Until four months ago, I had only studied what a stored procedure in SQL was but never had a chance to actually use the technique. Fortunately, while working on a recent project, I was able to create several stored procedures and enjoy manipulating them.

For those who are new to this SQL concept, let me take a few steps back and explain what a Stored procedure in SQL is.

A stored procedure is a named group of SQL statements that can be stored in the database so that it can be reused and shared in the application. Stored procedures can access and modify the database.

Now defined, let’s talk about the benefits of a stored procedure:

  • Ease of Use – We can use it by calling the stored procedure name and passing parameters, if any.
  • Performance – Upon the first use, a plan for the stored procedure is created and stored in the buffer pool for subsequent quick execution.
  • Security – Stored procedures reduce the threat by eliminating direct access to the tables.
  • Reusable – It can be executed by multiple users or multiple client applications without the need to rewrite the code.
  • Low Network traffic – The server only passes the procedure name instead of the whole query, reducing network traffic.

Creating a simple stored procedure

We will create a simple procedure that will provide the details of a user from the Users table containing name, address, age, phone, and email. This assumes that you know how to create a table and insert values.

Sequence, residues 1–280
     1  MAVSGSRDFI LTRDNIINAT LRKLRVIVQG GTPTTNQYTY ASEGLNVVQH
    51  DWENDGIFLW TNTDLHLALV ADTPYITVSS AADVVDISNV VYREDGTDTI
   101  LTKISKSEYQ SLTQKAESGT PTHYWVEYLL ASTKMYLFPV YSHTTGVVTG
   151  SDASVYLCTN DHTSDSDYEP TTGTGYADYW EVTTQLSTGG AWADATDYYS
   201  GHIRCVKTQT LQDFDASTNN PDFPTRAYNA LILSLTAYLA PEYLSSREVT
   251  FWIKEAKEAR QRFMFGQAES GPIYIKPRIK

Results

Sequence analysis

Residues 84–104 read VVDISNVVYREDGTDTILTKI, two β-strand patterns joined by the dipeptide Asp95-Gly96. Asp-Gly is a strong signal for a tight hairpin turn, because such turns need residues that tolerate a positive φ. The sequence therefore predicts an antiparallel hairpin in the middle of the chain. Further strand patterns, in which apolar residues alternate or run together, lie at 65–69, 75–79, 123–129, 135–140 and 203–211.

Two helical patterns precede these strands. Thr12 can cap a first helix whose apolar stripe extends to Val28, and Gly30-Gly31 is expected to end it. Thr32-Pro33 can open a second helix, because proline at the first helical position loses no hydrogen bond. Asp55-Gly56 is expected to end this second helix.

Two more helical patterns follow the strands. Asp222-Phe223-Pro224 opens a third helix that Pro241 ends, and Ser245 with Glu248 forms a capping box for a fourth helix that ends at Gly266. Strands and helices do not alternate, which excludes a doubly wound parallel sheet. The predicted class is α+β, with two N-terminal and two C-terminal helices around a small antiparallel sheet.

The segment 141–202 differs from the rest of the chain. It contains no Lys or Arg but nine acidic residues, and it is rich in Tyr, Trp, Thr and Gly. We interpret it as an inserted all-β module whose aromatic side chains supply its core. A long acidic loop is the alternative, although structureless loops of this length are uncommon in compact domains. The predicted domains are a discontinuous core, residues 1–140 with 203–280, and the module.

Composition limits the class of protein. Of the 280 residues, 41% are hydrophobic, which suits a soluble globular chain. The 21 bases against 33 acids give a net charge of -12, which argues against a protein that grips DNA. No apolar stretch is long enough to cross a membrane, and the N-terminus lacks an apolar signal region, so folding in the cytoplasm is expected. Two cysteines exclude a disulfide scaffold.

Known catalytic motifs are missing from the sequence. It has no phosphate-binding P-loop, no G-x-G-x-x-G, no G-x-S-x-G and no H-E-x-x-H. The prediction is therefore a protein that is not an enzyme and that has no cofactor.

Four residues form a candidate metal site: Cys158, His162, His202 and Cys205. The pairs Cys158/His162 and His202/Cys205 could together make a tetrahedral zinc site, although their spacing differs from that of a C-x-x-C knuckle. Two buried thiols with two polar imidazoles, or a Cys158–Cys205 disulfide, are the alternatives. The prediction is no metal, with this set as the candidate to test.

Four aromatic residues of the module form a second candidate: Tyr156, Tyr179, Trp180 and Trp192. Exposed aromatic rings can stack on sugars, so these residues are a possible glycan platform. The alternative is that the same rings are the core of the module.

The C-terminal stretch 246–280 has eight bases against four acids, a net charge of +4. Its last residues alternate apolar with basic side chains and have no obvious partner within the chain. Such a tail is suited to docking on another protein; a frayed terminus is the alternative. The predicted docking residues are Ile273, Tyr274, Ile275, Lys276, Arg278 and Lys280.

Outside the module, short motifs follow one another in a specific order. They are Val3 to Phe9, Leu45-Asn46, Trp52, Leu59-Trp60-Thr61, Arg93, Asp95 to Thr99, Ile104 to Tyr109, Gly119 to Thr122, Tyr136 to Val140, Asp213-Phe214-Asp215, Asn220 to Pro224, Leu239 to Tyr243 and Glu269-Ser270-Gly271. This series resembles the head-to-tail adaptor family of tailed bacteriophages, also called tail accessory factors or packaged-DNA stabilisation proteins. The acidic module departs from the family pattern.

CREATE PROCEDURE GetUserDetails(IN userdId INT)

AS

BEGIN

SELECT u.name, u.address, u.age, u.phone, u.email from Users as u WHERE u.id=userId;

END

We have created a stored procedure, but how do we use it? We can call it in the following manner:

CALL GetUserDetails(34);

This will give us the details of the user which we want. We have stored the code in the database, and we can simply call the procedure by passing the user id without writing the whole query again.

Conclusion

Stored procedures are a secure and safe way to give access to your database. They can be saved for reuse as often as needed. We hope you try it out and that it will help you better understand what stored procedures are. Keep Learning!